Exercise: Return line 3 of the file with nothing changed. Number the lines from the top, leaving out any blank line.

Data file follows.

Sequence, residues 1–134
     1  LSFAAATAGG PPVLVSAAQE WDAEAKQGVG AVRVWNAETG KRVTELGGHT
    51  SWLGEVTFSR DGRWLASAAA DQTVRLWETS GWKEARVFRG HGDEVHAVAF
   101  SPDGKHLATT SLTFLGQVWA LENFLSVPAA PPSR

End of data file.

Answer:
    51  SWLGEVTFSR DGRWLASAAA DQTVRLWETS GWKEARVFRG HGDEVHAVAF